Kent State to dedicate May 4 site as National Historic Landmark
A portion of Kent State University’s Kent Campus has taken its place alongside the nation’s most significant historic locations, joining such sites as the Grand Canyon National Park, Pearl Harbor and the Edmund Pettus Bridge in Selma, Alabama, the university announced this morning.
Those 17 acres represent the location of the historic events of May 4, 1970, where protesting students, observers and soldiers gathered on that fateful day when the Ohio National Guard shot and killed four students and wounded nine others.
In 2010, the May 4 site was placed on the National Register of Historic Places, which is comprised of 90,000 locations associated with events that contributed significantly to U.S. history. Then in 2016, Kent State’s May 4 site joined a much more select group as it was designated a National Historic Landmark by the U.S. Secretary of the Interior. Only 2,500 historic places share this national distinction; the May 4 site is one of 76 such locations in Ohio.
As part of the 48th annual May 4 Commemoration, Kent State will formally recognize and celebrate this National Historic Landmark designation during a special dedication ceremony at the Honors College Plaza on Friday, May 4, at 3:30 p.m. The event is free and open to the public. Attendees are asked to register online. In the event of inclement weather, the dedication ceremony will take place at the Kent Student Center Kiva.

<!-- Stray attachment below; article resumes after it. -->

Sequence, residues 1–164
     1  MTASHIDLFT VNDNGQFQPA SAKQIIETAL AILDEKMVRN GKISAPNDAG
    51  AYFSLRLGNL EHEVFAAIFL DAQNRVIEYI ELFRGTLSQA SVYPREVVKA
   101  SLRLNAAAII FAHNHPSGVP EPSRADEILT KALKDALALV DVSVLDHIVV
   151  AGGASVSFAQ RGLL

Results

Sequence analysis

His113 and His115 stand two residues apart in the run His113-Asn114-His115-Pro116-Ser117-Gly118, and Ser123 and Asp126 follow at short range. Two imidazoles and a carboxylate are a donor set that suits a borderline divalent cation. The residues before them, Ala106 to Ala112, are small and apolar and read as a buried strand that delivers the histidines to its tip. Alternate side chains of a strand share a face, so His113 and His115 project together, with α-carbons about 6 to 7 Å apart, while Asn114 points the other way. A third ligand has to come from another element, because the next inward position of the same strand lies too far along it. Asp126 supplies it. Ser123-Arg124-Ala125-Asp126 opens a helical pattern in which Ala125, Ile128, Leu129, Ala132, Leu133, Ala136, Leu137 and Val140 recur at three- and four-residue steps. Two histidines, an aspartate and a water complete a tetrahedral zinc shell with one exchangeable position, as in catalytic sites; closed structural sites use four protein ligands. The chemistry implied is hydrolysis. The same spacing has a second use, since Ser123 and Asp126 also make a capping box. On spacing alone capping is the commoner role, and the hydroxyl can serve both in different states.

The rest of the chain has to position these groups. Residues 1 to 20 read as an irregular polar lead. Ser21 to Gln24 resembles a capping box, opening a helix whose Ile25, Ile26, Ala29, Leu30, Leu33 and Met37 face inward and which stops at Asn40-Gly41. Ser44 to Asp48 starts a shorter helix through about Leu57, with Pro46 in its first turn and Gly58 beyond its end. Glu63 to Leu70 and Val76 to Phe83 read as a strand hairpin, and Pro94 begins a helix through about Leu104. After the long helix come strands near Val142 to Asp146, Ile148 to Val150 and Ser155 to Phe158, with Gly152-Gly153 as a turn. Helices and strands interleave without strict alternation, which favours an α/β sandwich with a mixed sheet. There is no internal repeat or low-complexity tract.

Former Ohio Gov. Richard “Dick” Celeste will serve as keynote speaker at the event. Kent State President Beverly J. Warren; Lawrence Pollock, chair of the Kent State University Board of Trustees; and Todd Diacon, Kent State’s executive vice president and provost, will provide remarks at the ceremony.
The ceremony also will feature the unveiling of a plaque to officially dedicate the site as a national landmark by President Warren, members of the Kent State Board of Trustees, the May 4 Task Force and the National Park Service.